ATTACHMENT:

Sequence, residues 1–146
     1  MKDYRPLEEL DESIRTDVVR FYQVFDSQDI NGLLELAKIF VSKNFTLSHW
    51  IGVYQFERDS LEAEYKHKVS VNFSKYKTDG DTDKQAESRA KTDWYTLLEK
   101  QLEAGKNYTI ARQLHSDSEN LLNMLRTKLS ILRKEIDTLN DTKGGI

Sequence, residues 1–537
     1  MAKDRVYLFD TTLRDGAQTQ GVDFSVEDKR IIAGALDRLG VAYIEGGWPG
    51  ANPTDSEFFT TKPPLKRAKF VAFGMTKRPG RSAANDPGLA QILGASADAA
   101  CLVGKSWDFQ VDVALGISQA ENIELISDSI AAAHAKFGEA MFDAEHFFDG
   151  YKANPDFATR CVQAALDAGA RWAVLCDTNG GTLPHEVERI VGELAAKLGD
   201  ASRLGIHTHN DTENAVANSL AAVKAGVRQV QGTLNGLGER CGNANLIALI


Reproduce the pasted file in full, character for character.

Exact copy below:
Sequence, residues 1–146
     1  MKDYRPLEEL DESIRTDVVR FYQVFDSQDI NGLLELAKIF VSKNFTLSHW
    51  IGVYQFERDS LEAEYKHKVS VNFSKYKTDG DTDKQAESRA KTDWYTLLEK
   101  QLEAGKNYTI ARQLHSDSEN LLNMLRTKLS ILRKEIDTLN DTKGGI

Sequence, residues 1–537
     1  MAKDRVYLFD TTLRDGAQTQ GVDFSVEDKR IIAGALDRLG VAYIEGGWPG
    51  ANPTDSEFFT TKPPLKRAKF VAFGMTKRPG RSAANDPGLA QILGASADAA
   101  CLVGKSWDFQ VDVALGISQA ENIELISDSI AAAHAKFGEA MFDAEHFFDG
   151  YKANPDFATR CVQAALDAGA RWAVLCDTNG GTLPHEVERI VGELAAKLGD
   201  ASRLGIHTHN DTENAVANSL AAVKAGVRQV QGTLNGLGER CGNANLIALI